Formal participation programs should evolve and the area of participation may expand, but assurances that participation will lead to greater motivation appear most certain when participation involves the employees’ own job. Also, the problem is that “communication between hospital management and staff in the unit had now become formalized and increasing mediated by representatives” (Robotics, Resistance and Revolution 10).

In order to resolve this situation, participation should be considered the vehicle for involving employees in broader organizational changes, but it would appear that the proposed changes must themselves appeal to the employee rather than deriving their strength strictly from the participative process itself (Handy 62). The changes will tend to lose motivational strength for typical employees the more remote the changes are from the employees’ job concerns. One characteristic of a job that receives little attention but is fundamental to employee performance is the very manageability of the job. When the cycle goes, change begets reaction, which begets change, which begets reaction, and so on.

They tend to resist it, as individuals and at the group level. Although education can be used to raise people’s consciousness about the benefits of change, training is required to provide them with the skills to implement it. For example, experience shows that a good way to overcome the resistance of medical professionals is to train them to use technology and computer systems. Occasionally, one encounters stiff resistance to attempts to measure work effort (Handy 89), They simply do not understand numbers and what they can do. Consequently, they have little appreciation of the power of measurement to help them function more effectively—or they accept numerical results too readily because they lack the competence to assess the genuine pitfalls of measurement.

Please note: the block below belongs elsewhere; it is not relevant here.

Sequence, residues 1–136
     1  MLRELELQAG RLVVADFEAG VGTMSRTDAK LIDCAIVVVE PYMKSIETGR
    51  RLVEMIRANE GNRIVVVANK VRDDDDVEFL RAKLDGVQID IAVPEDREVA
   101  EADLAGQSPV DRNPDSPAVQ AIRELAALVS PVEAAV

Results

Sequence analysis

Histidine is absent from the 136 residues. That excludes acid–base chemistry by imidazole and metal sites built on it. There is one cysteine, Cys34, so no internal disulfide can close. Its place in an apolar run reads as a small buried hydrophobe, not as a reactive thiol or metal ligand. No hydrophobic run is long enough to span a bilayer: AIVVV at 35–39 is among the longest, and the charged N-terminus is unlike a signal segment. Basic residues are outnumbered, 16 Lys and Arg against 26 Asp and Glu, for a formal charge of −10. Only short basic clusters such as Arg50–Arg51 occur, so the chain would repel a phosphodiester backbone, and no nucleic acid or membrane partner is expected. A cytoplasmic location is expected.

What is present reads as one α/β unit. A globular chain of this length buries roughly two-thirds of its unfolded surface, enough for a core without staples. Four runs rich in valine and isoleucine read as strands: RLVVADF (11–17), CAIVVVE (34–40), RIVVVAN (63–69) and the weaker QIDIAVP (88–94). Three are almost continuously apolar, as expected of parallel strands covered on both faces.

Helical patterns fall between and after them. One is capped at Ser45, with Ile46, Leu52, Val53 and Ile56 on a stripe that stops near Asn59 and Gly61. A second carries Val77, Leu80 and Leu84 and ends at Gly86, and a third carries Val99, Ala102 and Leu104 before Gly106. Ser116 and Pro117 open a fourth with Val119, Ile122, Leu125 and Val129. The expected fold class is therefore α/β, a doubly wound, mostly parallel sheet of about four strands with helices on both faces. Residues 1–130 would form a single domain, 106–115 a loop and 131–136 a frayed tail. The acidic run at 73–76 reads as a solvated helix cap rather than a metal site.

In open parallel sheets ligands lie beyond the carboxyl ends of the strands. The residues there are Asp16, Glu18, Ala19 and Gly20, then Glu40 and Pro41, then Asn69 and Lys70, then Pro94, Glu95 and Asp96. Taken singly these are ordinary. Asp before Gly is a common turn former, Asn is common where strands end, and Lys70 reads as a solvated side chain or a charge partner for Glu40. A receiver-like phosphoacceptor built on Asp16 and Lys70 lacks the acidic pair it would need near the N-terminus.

All employees should be viewed as decision-makers. The traditional hierarchical organization typical for pathology departments does not operate effectively in a world characterized by constant dynamic change. Investing all power in the hands of top management implies that top management has the solutions to all problems.

The main drawback of the change strategy is that the HR department does not support and participate in robotic and tracking systems. Training and communication are made in isolation from operational strategies and goals. In order to improve the situation, the hospital needs a clear vision to direct change, orienting resource allocation to those niches where the department has the best chance of maintaining a competitive edge. “One of the main roles had been to ‘keep the momentum going” even when talks with staff were becoming bogged down in details” (Robotics, Resistance and Revolution 11).

This situation shows that the importance of manageability is abundantly clear to managers and employees but is not often noted in the theoretical literature (Handy 83), although one comprehensive model of factors affecting worker productivity does list “uncontrollable interference” (along with task capacity and individual effort) as a primary factor. Interestingly, rank-and-file employees are often better informed than their “superiors” in such circumstances since they have firsthand knowledge of a rapidly evolving situation. When change is rapid, it is tempting to adopt a short-term view of life. Change leads to uncertainty, and there is less uncertainty in the short run than in the long run (Handy 65).

Susan Jones decided to “continue to the bitter end” (Robotics, Resistance and Revolution 12). Close cooperation and collaboration with the HE department help to solve the problems of morale and culture, improve satisfaction and motivate employees. Organizational workforce requirements are becoming more technical while the qualified labor supply is diminishing (Schien 98). This is particularly problematic for hospitals where professional and technical personnel have been critical to the labor force for many years.